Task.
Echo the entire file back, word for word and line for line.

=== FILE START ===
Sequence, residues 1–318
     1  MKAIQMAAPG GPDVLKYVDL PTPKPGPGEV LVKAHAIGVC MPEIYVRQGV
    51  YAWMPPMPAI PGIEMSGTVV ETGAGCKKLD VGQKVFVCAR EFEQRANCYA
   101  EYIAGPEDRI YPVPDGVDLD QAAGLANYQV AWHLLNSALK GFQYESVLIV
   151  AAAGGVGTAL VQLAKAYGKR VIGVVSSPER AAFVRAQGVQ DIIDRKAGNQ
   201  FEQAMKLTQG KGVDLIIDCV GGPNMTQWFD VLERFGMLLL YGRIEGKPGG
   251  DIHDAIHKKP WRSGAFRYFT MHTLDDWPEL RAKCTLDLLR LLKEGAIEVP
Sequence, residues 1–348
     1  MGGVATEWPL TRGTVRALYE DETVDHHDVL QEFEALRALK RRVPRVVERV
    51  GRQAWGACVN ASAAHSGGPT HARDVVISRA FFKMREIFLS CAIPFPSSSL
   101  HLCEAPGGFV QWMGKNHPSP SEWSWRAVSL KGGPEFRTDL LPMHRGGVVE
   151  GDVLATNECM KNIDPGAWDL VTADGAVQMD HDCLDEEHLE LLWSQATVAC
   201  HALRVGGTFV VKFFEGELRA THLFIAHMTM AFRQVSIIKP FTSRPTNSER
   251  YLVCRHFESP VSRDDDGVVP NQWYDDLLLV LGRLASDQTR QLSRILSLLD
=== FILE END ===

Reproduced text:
Sequence, residues 1–318
     1  MKAIQMAAPG GPDVLKYVDL PTPKPGPGEV LVKAHAIGVC MPEIYVRQGV
    51  YAWMPPMPAI PGIEMSGTVV ETGAGCKKLD VGQKVFVCAR EFEQRANCYA
   101  EYIAGPEDRI YPVPDGVDLD QAAGLANYQV AWHLLNSALK GFQYESVLIV
   151  AAAGGVGTAL VQLAKAYGKR VIGVVSSPER AAFVRAQGVQ DIIDRKAGNQ
   201  FEQAMKLTQG KGVDLIIDCV GGPNMTQWFD VLERFGMLLL YGRIEGKPGG
   251  DIHDAIHKKP WRSGAFRYFT MHTLDDWPEL RAKCTLDLLR LLKEGAIEVP
Sequence, residues 1–348
     1  MGGVATEWPL TRGTVRALYE DETVDHHDVL QEFEALRALK RRVPRVVERV
    51  GRQAWGACVN ASAAHSGGPT HARDVVISRA FFKMREIFLS CAIPFPSSSL
   101  HLCEAPGGFV QWMGKNHPSP SEWSWRAVSL KGGPEFRTDL LPMHRGGVVE
   151  GDVLATNECM KNIDPGAWDL VTADGAVQMD HDCLDEEHLE LLWSQATVAC
   201  HALRVGGTFV VKFFEGELRA THLFIAHMTM AFRQVSIIKP FTSRPTNSER
   251  YLVCRHFESP VSRDDDGVVP NQWYDDLLLV LGRLASDQTR QLSRILSLLD